Gleb seldom left his cell and staff infrequently went in.
Though the staff at Syl Apps included a psychiatrist, a psychologist, a doctor, a nurse, an art therapist, recreation workers, social workers and youth service officers, few interacted with him, the inquest heard.
One who did, Dr. Jennifer Felsher, later told the inquest she had no idea why Gleb was at Syl Apps.
Her supervisor, Richard Meen, who had earlier worked on the sentencing assessment, also told the inquest he was in the dark, thinking Gleb was at Syl Apps for a second snapshot assessment. It wasn’t until after Gleb’s death that Meen, in preparation for the inquest, learned he was there for an assessment of criminal responsibility.
The inquest heard Meen received at least two documents, a court order and a letter from the Crown attorney, explaining why Gleb was at Syl Apps. Meen said they were “missed as to their import.”
Inside cell 12, Gleb ate every meal alone. He wrote disjointed messages on his wall in pencil about hate and suffering. At night he screamed out, “Rescue me!”
Jurors at the inquest asked Meen why he did not complete the assessment. Meen said he was travelling across Ontario giving speeches on preventing youth suicides and working with a native community in northern Ontario to reduce its suicide rate among young people. Meen said he did not believe Gleb to be at risk of suicide.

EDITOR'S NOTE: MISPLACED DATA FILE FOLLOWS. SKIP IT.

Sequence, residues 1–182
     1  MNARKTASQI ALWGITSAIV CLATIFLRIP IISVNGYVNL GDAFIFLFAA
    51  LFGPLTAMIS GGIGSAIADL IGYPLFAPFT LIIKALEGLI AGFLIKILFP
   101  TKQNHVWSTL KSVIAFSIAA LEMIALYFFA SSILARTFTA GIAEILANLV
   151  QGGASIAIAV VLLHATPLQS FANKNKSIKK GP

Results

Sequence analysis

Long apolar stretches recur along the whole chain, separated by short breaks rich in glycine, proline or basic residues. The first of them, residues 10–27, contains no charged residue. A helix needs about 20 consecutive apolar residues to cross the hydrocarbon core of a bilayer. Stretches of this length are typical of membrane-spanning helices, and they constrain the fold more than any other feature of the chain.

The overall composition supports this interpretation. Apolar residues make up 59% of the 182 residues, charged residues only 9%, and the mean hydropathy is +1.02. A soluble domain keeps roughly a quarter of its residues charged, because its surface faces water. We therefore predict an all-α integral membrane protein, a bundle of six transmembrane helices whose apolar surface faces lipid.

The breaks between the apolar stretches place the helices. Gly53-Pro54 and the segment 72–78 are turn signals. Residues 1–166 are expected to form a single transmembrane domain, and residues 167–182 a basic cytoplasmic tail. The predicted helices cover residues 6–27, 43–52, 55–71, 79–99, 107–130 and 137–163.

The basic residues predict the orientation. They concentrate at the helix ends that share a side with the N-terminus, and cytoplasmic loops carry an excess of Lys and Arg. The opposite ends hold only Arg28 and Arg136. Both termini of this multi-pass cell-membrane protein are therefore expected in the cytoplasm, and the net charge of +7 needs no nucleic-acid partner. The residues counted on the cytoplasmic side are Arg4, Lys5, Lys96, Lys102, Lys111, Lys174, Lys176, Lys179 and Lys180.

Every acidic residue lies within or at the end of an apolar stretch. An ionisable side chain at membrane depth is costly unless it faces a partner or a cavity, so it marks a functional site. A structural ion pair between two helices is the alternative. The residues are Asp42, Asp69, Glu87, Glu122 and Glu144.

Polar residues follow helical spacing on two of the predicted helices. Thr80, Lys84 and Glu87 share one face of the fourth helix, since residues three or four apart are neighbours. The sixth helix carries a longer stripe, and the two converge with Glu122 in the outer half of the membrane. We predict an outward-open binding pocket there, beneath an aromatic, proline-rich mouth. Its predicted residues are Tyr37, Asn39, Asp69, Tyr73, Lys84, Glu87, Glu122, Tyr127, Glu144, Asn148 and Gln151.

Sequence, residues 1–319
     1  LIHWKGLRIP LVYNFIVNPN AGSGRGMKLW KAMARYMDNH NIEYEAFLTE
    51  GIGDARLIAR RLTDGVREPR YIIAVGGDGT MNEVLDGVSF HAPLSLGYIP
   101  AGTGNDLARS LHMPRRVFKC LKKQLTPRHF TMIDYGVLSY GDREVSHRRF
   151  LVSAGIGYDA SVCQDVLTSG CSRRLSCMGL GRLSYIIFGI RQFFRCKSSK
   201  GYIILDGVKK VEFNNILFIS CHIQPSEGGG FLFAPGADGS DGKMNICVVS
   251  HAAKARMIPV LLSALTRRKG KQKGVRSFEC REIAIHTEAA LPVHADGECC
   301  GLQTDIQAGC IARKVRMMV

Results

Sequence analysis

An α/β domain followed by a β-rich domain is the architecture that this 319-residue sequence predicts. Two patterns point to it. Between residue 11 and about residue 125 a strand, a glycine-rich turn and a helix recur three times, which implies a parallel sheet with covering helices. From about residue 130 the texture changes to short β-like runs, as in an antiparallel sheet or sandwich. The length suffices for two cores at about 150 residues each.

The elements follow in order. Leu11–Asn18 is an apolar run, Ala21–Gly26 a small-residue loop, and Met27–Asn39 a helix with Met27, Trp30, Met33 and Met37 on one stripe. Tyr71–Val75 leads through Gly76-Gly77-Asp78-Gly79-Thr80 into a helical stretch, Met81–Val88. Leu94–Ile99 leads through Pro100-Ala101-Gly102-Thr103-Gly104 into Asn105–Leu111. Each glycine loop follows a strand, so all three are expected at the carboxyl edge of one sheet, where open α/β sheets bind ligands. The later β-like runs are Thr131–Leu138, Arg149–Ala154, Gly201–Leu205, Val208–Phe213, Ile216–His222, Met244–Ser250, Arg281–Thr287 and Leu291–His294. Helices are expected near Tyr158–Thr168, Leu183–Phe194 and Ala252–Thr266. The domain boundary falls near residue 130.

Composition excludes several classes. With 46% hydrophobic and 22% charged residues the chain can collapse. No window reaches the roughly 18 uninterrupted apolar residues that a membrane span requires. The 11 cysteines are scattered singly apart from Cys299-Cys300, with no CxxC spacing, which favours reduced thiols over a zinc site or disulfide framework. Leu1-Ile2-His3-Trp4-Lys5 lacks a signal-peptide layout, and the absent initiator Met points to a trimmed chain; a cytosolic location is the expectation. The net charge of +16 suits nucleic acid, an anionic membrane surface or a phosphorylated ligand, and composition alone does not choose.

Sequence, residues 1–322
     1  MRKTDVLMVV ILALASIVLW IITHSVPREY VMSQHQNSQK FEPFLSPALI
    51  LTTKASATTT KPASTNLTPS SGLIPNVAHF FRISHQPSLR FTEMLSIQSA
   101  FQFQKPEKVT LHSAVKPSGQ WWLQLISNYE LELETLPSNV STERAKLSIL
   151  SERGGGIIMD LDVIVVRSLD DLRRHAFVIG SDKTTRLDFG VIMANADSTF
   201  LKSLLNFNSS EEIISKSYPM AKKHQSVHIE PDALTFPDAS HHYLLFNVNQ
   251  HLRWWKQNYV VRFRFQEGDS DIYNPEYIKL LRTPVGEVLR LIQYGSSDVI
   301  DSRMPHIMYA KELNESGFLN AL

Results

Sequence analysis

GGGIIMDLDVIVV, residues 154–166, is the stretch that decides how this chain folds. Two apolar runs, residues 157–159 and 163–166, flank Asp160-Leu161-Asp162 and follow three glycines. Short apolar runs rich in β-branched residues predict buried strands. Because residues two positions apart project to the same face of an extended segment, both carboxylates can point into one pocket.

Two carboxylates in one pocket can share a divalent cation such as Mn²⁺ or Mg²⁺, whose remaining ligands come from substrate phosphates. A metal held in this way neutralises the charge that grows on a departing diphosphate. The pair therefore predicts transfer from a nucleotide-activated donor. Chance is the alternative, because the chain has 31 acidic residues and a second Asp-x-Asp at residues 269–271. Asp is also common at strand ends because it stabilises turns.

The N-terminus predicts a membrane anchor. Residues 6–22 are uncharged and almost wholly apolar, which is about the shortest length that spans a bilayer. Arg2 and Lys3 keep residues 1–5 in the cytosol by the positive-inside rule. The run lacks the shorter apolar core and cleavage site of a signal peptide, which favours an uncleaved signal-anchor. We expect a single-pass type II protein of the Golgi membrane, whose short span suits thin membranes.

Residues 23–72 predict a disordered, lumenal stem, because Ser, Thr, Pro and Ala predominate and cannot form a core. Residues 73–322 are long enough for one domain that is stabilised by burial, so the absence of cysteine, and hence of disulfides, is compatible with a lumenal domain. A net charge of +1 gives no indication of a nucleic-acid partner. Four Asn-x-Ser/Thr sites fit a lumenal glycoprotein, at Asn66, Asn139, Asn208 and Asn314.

The inquest heard that Syl Apps staff blamed the boy for being “uncooperative” and the province for taking too long to send over additional funds to pay for the evaluation. The inquest was told the $3,500 for the assessment was approved April 24.
With time running out on the 30 days allotted to complete the assessment, Syl Apps asked for an extension. A social worker wrote a letter on May 13, the day Gleb was sent back to court.
With no evaluation done, MacLean told Gleb he would have to go back to Syl Apps for another month.
“If I have mental issues, why am I in jail?” he asked. “I just want to go home and I just want to be with my family.”
The judge said she could not deal with the matter and told the teen to return the next day.
Gleb’s mother told the Star she showed up in Oshawa court to see her son but a Russian interpreter said Gleb was “not on the list.”
She went home and wrote a note in her diary: “Thinking about kids. What happened. What I’ve done wrong as a parent.”
Police returned Gleb to Syl Apps sometime after 8:30 p.m.
He was last seen on a video monitor entering cell 12 with a plate of microwaved spaghetti.
Jail staff were supposed to make sure Gleb’s laced sneakers were placed outside his door before it locked at 9 p.m. — a standard suicide prevention measure. Guards were supposed to look in on him every 15 minutes.
Fifty-six minutes passed before a guard checked and found him dangling from shoelaces fed through a metal cage that covered the ceiling smoke detector.
On May 14, 2008, just after lunch, Gleb Alfyorov finally arrived at a hospital.
He was rolled into the autopsy room in the basement of Hamilton General. Zipped inside a white body bag.